Thursday, March 3, 2011


As you can probably tell from the highly enlightened teachings on this bl*g, I meditate every day. Here's what's supposed to happen: Eyes closed, I pay attention only to my breath as it flows in and out, my mind empties of all thoughts, and I eventually achieve inner peace or something.

Here's what actually happens: The dog collects his toys from their various hiding places around the house, deposits them at my feet, and wonders why the hell I'm ignoring him, while I sit crosslegged on my office floor, eyes closed, mind wandering.

I can't pay attention to my breath when meditating because I am far too busy thinking very profound thoughts and asking deep philosophical questions of the universe: "What should I eat for lunch? Chester, stop it! I need to buy more peanut butter. I wonder who invented Mr. Potato Head? My foot is falling asleep. I guess I could have an egg on toast. Is it still snowing out? Chester, go lie down! A lump of brown plastic with holes where children can stick eyes and ears, a nose and mouth? Maybe I'll go out to lunch. Goddamnit, Chester! I'm not going out to lunch if it's snowing. I guess most potatoes do resemble portly old men who would sport a mustache and look quite nice in a top hat..." And then the timer goes off and I emerge from my non-Zenlike state enlightened as to what I should eat for lunch: potato leek soup.

Mr. Potato Head, just before he was arrested for vagrancy and public drunkenness.

One of my best friends is the kind of person who always insists she cannot cook and then when you're at her house she whips up a delicious soup using exactly four rather homely ingredients: leeks, potatoes, water, and salt. She doesn't use a recipe, or stock, or cream, or herbs of any sort, but as if by magic her soup is so delicious it tastes as if it has been made by a professional chef or a French housewife. My friend is neither of these, nor is she the kind of person who when meditating would plan her lunch and contemplate the merits of tubers as toys. But I am exactly this kind of person, so when I make potato leek soup I use a recipe, and stock, and I call it Mr. Potato Head and Leek Soup.

Mr. Potato Head, asleep on the beach in Nice while his French housewife plots to turn him into soup

Mr. Potato Head and Leek Soup

From Bon Appétit

This soup really doesn't require a recipe, though I found it helpful to work out the proportions. It would surely be just as delicious without stockmy friend's was, anyway. You could also add a little milk or cream (or even crème fraiche!) at the end, though I didn't find it lacking as is, and I'm sure some fresh or dried dill would be nice, but here at the monastery we keep it simple.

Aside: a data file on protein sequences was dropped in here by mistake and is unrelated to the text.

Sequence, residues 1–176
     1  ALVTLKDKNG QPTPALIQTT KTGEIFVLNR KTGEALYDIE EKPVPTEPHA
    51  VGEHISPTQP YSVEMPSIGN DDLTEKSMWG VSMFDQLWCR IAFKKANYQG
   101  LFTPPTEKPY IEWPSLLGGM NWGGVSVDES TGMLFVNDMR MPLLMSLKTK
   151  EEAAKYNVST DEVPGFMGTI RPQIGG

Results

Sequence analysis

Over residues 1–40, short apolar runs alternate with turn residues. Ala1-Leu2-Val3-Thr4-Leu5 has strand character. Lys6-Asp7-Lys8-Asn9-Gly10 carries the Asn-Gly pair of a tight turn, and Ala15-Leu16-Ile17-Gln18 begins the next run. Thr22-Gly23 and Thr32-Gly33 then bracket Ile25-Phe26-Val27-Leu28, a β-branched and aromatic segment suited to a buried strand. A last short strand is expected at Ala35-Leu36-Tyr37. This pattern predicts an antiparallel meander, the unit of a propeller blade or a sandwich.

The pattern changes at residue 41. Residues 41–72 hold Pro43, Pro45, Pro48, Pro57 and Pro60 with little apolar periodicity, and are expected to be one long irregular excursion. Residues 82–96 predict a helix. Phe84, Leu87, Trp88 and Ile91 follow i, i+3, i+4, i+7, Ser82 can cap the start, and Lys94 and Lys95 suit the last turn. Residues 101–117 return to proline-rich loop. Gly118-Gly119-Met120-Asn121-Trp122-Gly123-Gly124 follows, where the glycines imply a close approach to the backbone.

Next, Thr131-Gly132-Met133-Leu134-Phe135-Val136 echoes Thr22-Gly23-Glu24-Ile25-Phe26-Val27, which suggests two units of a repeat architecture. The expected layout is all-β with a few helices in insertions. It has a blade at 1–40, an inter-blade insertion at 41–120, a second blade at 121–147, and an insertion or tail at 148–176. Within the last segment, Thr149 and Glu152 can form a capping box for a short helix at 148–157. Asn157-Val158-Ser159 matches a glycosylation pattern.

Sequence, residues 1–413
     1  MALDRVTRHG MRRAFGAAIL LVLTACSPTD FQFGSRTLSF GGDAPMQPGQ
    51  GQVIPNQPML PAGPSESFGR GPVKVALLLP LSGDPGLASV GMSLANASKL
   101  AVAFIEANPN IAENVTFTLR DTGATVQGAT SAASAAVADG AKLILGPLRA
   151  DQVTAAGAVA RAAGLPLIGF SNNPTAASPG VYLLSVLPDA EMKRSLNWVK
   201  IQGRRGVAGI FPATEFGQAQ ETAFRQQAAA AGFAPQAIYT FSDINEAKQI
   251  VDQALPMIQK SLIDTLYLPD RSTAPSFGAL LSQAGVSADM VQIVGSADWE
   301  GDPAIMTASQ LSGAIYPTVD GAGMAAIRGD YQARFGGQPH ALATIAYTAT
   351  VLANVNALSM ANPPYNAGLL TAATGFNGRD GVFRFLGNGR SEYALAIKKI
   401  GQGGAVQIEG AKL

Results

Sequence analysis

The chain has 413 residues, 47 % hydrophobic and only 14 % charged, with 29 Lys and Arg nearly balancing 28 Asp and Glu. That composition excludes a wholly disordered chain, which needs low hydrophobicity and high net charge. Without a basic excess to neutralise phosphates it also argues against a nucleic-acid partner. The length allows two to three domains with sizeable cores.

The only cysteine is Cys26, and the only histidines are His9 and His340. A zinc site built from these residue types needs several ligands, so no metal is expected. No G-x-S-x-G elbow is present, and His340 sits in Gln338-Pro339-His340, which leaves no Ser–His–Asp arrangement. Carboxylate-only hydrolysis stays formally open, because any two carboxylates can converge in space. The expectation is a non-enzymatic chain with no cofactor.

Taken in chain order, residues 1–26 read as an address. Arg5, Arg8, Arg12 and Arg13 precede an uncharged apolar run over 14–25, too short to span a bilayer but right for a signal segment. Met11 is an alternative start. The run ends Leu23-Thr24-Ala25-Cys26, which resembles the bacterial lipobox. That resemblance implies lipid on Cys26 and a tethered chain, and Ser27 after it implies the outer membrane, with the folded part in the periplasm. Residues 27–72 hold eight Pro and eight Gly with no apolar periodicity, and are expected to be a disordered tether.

3 tablespoons butter
3 large leeks (white and pale green parts only), halved lengthwise, thinly sliced
2 large russet potatoes (about 18 ounces total), peeled and diced
4½ cups (or more) vegetable or chicken stock
Salt & pepper to taste
2 tablespoons chopped fresh chives

1. Melt butter in a heavy large saucepan over medium heat. Add leeks and stir to coat with butter. Cover saucepan, then cook until leeks are tender, stirring often, about 10 minutes.

2. Add potatoes. Cover and cook until potatoes begin to soften but do not brown, stirring often, about 10 minutes. Add 4½ cups of stock. Bring to a boil. Reduce heat, cover, and simmer until the vegetables are very tender, about 30 minutes.

3. Puree the soup in batches until smooth. Return to the saucepan and thin with additional stock if soup is too thick. Season with salt and pepper. Ladle into bowls and garnish with chives (the garnish is optional).


  1. So glad to hear that you share my inability to empty my overactive mind -- and now you have filled mine with thoughts of delicious soup when I should be buckling down to the pile of document drafts needing review on my desk and the 80(!) unread emails in my office inbox.
    But at least I know what we're having for dinner now. Maybe DED will come over and entertain us with his latest jury duty tales.

  2. Coincidentally, I was writing an article for Friday's 'New York Social Diary' about a restaurant that existed in our town back in the 1950's. Out of that venture came a slim little cookbook called 'Picasso and Pie'. Though I'm in the Patricia Wells purist camp when I make leek and potato (or as it shall now be known forever in Blue Hill, Maine, Mr. Potato Head & Leek Soup)I've been re-reading the recipes,familiar from my childhood, and was startled this very morning to find their recipe for Vichyssoise, involving in addition to Leeks and Potatoes, celery, parsley (or, since the book was published in '65, parsley flakes), Madeira, and Worcestershire sauce!

    Your Argentinian posts were heaven in this most awful winter.

  3. I'm sure, Sidekick, that our shared inability is due to genius. Or caffeine. Possibly long to-do lists and overstuffed inboxes. (I hope your weekend was warm with soup and document/email free!)

    Parsley flakes, of course -- how could I leave those out? The addition of Madeira sounds rather wonderful, though. DED, I see a future for you in food bl*gging. The Down East Dilettante needs a sister site called Picasso and Pie (great article, by the way!).

  4. My schadenfreude is delighted that your Argentinian adventures let you come home for the worst snow of the winter. Nice knife skills on those leeks, too.